Posted on December 02 2015
The perfect wine to sip by a crackling fire over the festive season, Madeira is also a small island in the Atlantic which, although nearly 1000km from the mainland, is part of Portugal. It gives its name to the fortified wine produced there which is unique in a variety of ways.
Historically, wine has been cultivated on Madeira for nearly 500 years, and for the first half of that, it was fairly average unfortified wine. Being a convenient port for European traders, particularly British, ships stocked up on the wine in the 17th century and took it to India as it was probably the last stop where wine could be obtained. It was found that the wine which spent months cooking in tropical temperatures, swilling around in the hold somehow tasted much better than when it was fresh. So the winemakers started to mature it on the island over long periods in the roasting hot eaves of their lodges; giving it rich, baked fruit aromas. This simulated the lengthy, hot journeys and also made the wine extremely resilient, as anything that could happen to it, had happened.
Styles of Madeira don’t vary hugely in the same way Sherry does. There are drier and sweeter styles, but they all have a little bit of sweetness to counter the brisk acidity. The quality however varies a lot; there is a lot of bulk Madeira made in huge tanks which is usually used in cooking. At the next level are the three year old Madeiras, which have a minimal maturation and are perfectly good quaffing wines. After that there are the five year old reserves, of which we stock the dry, sweet and medium styles. The D’Oliveiras ones we stock are aged traditionally in wooden casks and show plenty of complexity and richness. Next up, the 10 year old reserves; these are fully aged in cask, have a deep brown colour and have very warming baked fruit flavours and aromas.
The Colheita/harvest Madeiras are single varietal wines which are either aged for more than 20 years, or have the concentration to do so. They have to come from one of the ‘noble’ grape varieties, all of which have their own characteristics, usually tied to acidity and sweetness. Madeiras which have any of the following varietal names on are generally the best the island has to offer:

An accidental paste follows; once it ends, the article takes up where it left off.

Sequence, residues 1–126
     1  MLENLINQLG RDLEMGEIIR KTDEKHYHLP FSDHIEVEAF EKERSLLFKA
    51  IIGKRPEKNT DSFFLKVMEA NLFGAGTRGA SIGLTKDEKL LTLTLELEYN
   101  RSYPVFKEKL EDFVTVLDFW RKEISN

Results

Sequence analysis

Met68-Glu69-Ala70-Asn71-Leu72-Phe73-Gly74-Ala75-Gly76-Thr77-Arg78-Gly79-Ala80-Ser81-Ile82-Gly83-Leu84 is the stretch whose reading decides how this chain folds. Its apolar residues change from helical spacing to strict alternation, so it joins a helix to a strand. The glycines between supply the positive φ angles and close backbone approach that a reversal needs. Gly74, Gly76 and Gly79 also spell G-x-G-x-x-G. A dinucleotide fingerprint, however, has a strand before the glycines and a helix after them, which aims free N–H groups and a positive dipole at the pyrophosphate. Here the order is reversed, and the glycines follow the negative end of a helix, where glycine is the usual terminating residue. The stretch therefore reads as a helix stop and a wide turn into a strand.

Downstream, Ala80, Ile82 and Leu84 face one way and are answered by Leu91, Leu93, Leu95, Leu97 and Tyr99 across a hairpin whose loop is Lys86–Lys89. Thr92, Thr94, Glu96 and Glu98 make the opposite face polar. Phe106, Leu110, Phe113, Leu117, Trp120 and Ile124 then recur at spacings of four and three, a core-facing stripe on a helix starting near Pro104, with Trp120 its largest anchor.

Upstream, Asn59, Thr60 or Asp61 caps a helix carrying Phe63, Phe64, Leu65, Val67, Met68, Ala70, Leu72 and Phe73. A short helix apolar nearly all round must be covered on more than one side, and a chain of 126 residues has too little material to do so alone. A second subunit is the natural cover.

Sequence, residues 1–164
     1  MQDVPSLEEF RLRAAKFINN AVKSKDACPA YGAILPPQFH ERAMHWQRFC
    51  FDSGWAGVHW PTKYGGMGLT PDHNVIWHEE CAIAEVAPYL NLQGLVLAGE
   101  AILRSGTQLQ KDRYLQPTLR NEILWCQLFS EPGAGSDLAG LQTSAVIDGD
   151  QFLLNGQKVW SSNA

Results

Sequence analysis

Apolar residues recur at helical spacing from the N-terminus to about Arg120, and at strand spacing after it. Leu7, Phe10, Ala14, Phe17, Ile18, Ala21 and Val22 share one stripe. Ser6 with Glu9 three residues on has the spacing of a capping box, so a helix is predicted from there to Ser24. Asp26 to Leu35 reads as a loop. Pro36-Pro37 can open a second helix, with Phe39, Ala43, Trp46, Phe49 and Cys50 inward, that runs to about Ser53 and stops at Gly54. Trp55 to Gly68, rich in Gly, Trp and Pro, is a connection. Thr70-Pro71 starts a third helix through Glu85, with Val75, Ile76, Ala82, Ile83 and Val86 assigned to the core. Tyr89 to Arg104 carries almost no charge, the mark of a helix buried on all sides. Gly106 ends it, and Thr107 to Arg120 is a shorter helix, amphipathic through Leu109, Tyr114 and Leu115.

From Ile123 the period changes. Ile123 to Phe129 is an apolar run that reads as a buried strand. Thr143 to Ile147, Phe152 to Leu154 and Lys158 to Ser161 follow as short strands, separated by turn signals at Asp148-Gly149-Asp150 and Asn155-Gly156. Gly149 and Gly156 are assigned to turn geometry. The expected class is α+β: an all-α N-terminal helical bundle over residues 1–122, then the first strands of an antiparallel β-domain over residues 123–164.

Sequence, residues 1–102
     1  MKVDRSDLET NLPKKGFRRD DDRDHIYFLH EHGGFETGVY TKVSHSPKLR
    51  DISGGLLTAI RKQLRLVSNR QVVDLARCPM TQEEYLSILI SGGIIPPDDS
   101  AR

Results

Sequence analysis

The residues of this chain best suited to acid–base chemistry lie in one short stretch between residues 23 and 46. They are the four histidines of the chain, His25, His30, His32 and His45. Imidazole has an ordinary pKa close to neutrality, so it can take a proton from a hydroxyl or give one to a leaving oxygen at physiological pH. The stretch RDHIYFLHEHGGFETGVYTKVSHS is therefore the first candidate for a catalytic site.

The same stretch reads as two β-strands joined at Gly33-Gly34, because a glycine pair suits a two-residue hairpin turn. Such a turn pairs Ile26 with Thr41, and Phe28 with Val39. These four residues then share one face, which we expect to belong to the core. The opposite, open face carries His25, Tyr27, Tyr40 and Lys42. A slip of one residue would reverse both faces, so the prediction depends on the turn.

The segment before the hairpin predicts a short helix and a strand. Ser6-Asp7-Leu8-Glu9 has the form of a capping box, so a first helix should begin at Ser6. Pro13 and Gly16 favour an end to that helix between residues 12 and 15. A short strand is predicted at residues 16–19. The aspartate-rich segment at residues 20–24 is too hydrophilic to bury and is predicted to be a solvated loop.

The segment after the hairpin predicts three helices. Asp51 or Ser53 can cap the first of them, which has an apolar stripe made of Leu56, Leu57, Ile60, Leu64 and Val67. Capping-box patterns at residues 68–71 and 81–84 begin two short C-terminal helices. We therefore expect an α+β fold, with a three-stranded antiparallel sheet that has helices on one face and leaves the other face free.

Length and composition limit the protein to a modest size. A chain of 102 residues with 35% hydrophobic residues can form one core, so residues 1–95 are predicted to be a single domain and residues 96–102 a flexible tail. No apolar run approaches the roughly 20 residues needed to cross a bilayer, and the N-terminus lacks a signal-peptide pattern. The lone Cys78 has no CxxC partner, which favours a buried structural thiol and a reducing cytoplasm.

Verdelho: Generally makes a medium-dry style, aromatic Madeira. Equally good starting a meal off or finishing it, Verdelho Madeiras are some of the most versatile. Try the sublime 1994 vintage.
Malmsey/Malvazia: Tends to make the sweeter, pudding wine styles, but retains a decent acidity. We have a lovely 1996 vintage.
Boal/Bual: Medium sweet and sweet styles are made with the slightly unfortunate sounding Boal (pron. Bowel)
Sercial: The highest acidity variety which makes a distinctive, fresh, dry style apéritif wine. Treat yourself to the 1971 vintage
Terrantez & Bastardo: Both varieties are really quite rare and only produced in tiny amounts. The nature of Madeira being basically indestructible means that there are a fair amount of bottles made over the last couple of centuries that exist still and are quite drinkable. Both tend to be medium dry. We stock a great 1988 Terrantez.
There are Madeiras for all occasions and many go well with food if not in food, such as Madeira cake. All of our shops will have a selection of styles and ages open to try in the run up to Christmas so do come in and discover the marvels of Madeira!